Remember the recession? We’re still arguing over whether this was due to greedy financial services firms or people getting in over their heads, and the role that Fannie Mae and Freddie Mac played in enabling this mess we’re still recovering from.
But the general story of loaning money to people who can’t afford it continues. In this story line, banks are replaced by colleges, and the federal government is the lender and enabler.
One program filled the gap: Aurora’s mother, Gemma Nemenzo, was eligible for a different federal loan meant to help parents finance their children’s college costs. Despite her mother’s modest income at the time—about $25,000 a year as a freelance writer, she estimates—the government quickly approved her for the loan. There was a simple credit check, but no check of income or whether Ms. Nemenzo, a single mom, could afford to repay the loans.
Ms. Nemenzo took out $17,000 in federal parent loans for the first two years her daughter attended NYU. But the burden soon became too much. With financial strains mounting, Ms. Almendral—who had promised to repay the loans herself—withdrew after her sophomore year. She later finished her degree at the far less expensive Hunter College, part of the public City University of New York, and went on to earn a Fulbright scholarship.
Today, a dozen years on, Ms. Nemenzo’s debt not only remains, it’s also nearly doubled, with fees and interest, to $33,000.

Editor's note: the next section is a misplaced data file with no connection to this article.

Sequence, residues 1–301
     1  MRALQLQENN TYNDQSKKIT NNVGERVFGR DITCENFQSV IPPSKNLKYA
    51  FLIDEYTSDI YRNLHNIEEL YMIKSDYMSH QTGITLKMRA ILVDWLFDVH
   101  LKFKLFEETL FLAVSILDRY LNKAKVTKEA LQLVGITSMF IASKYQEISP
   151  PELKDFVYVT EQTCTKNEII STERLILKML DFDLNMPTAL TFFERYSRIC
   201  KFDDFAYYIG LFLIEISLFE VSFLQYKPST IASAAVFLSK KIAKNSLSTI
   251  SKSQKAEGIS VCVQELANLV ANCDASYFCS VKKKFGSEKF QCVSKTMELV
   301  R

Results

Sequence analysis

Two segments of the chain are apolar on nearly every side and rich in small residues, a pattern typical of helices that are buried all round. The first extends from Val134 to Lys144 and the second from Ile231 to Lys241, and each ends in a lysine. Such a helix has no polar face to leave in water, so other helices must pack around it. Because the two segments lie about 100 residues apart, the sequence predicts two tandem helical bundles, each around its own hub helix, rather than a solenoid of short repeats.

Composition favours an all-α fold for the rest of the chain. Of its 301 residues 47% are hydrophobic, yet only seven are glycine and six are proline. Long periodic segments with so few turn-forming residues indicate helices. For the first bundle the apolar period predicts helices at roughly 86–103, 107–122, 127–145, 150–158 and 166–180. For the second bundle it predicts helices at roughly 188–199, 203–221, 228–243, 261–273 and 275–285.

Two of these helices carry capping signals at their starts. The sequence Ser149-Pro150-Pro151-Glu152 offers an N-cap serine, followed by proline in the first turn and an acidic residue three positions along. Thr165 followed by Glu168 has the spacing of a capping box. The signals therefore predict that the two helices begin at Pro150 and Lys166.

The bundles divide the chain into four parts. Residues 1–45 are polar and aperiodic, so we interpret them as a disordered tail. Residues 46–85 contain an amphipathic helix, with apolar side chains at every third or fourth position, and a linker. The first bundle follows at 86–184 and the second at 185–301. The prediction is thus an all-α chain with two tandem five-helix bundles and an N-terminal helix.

So, basically we have the same story of loaning money to people who can’t realistically pay it back, or who can’t pay it back without severe hardship.
There’s even a cover-up aspect, just like with the banks:
The U.S. Department of Education doesn’t know how many parents have defaulted on the loans. It doesn’t analyze or publish default rates for the PLUS program with the same detail that it does for other federal education loans.
A sea change
We’ve yet to adjust to the sea change in consumer finance. It used to be that financial intermediaries such as banks only extended credit / loaned money to those who could clearly afford to pay it back. The old joke used to be that banks would only loan you money if you could prove you didn’t need it.
In grad school, I didn’t have a general credit card, just a couple of gas company cards. By the time Deb and I got a general credit card (Visa or Mastercard, I forget which) we were making above the median household income (primarily due to Deb’s earnings as a teacher at that point, although I was earning money as a graduate student).
Now we have a deluge of financial intermediaries anxious to keep us in perpetual debt – in part because the government will bail out those financial firms, or they can shift the burden on to others.
The overall effect is similar to that of the old company stores, which kept the workforce around by providing services in rural areas, but which ended with substantial financial leverage over the employees. This situation occurs in the popular song “16 Tons”, which is an immensely sad song from the 1950s.
St. Peter don’t you call me
Because I can’t go
I owe my soul to the company store.
(The song was made famous by Tennessee Ernie Ford, but his versions of the song on YouTube seem too cheerful, and Johnny Cash’s version seems more in the mood of what I want to convey here.)